The prominent role of cats in folklore: Part I

In part one of two-part article, Eugene Daly shares the many superstitions and stories connected with the cat in Irish folklore.

A traditional Irish greeting on entering a house was; ‘God save all here, except the cat’, on account of its association with the devil. Despite this, it was believed to be lucky for a stray cat to enter the house. Many of the superstitions concern the cat’s supposed ‘sixth sense’. In County Clare it was thought that to be looked at fixedly by a cat after it had washed its face was a sign of approaching marriage. On the other hand, to be looked at fixedly by a cat, except after washing its face, was an omen of sickness or death. To dream of a cat foretold an enemy; to dream of a dog a friend. In Ireland generally a purring cat or a cat with its back to the fire was a sign of rain. Another belief was that it was an omen of bad luck if a cat caught a mouse and allowed it to escape for no reason. In Limerick it was thought that putting a cat under a pot brought bad weather and it was apparently a common practice among sailors’ wives in order to keep their men at home.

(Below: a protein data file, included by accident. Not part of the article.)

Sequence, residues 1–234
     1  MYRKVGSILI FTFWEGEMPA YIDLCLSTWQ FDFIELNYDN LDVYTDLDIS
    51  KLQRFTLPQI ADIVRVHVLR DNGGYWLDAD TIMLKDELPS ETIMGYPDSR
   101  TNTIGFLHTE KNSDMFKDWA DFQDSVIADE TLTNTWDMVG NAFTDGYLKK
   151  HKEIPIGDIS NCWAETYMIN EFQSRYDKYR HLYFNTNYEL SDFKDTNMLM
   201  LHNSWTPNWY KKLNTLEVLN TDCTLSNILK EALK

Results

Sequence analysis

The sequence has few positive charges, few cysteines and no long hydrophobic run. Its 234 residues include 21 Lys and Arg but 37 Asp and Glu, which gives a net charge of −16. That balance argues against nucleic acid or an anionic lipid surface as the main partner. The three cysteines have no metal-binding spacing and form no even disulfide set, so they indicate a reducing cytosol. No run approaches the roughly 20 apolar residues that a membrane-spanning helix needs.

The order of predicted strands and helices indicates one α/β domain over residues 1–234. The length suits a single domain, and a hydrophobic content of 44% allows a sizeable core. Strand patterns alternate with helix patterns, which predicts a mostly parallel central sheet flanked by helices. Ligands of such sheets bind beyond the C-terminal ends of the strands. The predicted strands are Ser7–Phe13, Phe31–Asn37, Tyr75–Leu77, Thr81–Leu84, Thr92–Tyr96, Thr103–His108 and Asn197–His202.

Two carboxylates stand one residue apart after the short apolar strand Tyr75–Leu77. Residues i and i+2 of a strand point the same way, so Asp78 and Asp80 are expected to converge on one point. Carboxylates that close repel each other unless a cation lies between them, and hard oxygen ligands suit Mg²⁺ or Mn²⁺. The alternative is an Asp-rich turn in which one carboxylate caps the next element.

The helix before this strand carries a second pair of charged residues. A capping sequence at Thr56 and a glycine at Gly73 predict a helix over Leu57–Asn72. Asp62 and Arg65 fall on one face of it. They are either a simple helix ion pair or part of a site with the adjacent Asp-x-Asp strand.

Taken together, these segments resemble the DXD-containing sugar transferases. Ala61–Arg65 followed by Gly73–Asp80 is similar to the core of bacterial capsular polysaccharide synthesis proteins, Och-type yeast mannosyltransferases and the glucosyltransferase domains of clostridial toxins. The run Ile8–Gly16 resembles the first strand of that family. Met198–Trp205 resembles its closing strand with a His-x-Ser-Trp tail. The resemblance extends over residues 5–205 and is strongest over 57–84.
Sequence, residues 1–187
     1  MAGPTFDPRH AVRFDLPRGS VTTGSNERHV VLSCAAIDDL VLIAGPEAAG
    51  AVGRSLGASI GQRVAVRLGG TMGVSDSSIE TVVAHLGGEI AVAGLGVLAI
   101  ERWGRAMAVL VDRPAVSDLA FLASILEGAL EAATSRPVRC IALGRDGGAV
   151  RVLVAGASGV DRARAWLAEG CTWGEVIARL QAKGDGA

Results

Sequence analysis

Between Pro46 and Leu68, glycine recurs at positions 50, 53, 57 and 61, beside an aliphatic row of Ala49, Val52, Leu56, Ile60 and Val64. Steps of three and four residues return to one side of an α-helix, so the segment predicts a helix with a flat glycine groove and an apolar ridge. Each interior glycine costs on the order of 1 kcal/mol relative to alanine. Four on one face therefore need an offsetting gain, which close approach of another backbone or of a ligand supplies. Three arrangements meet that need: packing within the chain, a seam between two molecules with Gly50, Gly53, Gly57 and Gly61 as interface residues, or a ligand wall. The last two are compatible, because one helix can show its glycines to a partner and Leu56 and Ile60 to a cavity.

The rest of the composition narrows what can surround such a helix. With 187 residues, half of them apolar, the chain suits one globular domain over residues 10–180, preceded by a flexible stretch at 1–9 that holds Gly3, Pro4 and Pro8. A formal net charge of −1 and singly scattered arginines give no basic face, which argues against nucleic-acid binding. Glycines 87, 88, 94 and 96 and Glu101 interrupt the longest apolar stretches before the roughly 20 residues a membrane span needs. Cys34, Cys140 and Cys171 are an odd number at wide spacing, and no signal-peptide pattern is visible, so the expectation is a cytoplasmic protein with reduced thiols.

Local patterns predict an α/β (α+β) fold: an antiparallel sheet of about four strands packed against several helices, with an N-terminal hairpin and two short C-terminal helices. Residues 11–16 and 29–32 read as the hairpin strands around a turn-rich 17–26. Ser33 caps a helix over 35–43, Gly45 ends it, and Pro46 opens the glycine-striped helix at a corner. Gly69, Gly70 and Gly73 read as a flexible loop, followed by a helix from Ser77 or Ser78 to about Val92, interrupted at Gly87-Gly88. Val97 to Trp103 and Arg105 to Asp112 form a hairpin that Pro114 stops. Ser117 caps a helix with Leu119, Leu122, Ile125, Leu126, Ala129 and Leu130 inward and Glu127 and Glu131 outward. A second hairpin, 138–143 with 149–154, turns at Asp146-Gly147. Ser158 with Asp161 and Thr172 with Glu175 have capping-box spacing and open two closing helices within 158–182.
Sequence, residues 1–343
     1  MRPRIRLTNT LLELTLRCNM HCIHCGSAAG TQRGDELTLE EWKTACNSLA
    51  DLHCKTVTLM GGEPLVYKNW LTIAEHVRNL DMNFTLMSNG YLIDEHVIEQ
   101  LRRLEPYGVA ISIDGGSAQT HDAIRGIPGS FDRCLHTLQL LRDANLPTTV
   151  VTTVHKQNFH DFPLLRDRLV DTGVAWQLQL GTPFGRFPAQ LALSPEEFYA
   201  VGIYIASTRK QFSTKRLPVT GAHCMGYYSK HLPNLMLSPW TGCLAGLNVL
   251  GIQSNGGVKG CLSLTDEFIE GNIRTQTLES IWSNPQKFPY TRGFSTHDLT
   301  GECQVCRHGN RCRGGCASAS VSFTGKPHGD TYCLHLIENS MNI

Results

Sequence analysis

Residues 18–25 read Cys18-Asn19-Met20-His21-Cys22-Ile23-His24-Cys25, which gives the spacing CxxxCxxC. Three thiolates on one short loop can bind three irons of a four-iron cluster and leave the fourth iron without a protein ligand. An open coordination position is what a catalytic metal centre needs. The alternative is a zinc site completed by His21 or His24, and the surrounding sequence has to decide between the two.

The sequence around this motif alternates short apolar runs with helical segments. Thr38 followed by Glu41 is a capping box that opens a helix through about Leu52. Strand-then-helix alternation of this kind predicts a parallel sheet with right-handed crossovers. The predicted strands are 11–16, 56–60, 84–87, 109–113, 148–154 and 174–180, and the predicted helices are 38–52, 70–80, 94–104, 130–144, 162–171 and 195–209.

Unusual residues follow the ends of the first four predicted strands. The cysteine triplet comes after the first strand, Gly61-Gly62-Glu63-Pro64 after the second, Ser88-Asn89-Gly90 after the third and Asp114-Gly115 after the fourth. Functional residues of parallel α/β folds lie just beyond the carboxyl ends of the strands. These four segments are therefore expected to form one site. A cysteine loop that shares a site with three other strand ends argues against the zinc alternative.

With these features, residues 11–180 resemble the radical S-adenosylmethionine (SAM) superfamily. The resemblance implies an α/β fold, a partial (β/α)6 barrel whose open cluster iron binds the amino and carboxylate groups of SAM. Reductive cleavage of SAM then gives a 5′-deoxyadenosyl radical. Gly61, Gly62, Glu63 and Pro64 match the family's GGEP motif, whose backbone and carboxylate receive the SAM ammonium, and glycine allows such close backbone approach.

Black cats are considered the most powerful in terms of magic and superstition. It was considered lucky to have a black cat cross your path on New Year’s Eve, and if a black cat comes into the house on Christmas Night, the inhabitants will have great luck for the coming year.  Many people consider it lucky to have a black cat cross the road in front of them or to come upon a black cat unexpectedly.

Many folk tales about cats emphasise that they have a wild, untrustworthy nature, even the fully domesticated pets. A very popular story concerns the death of the king of the cats. The story goes that a man out travelling met a huge cat which attacked him, and which with difficulty, he managed to kill. As it lay dying, the cat told him that it was the king of the cats.  On his return home, the man told his wife how he had killed the king of the cats. Hearing this, the couple’s domestic cat which been sleeping by the fire, leaped up and attacked the man, sinking his claws into his throat, killing him (in some versions of this story the man manages to fight the cat off).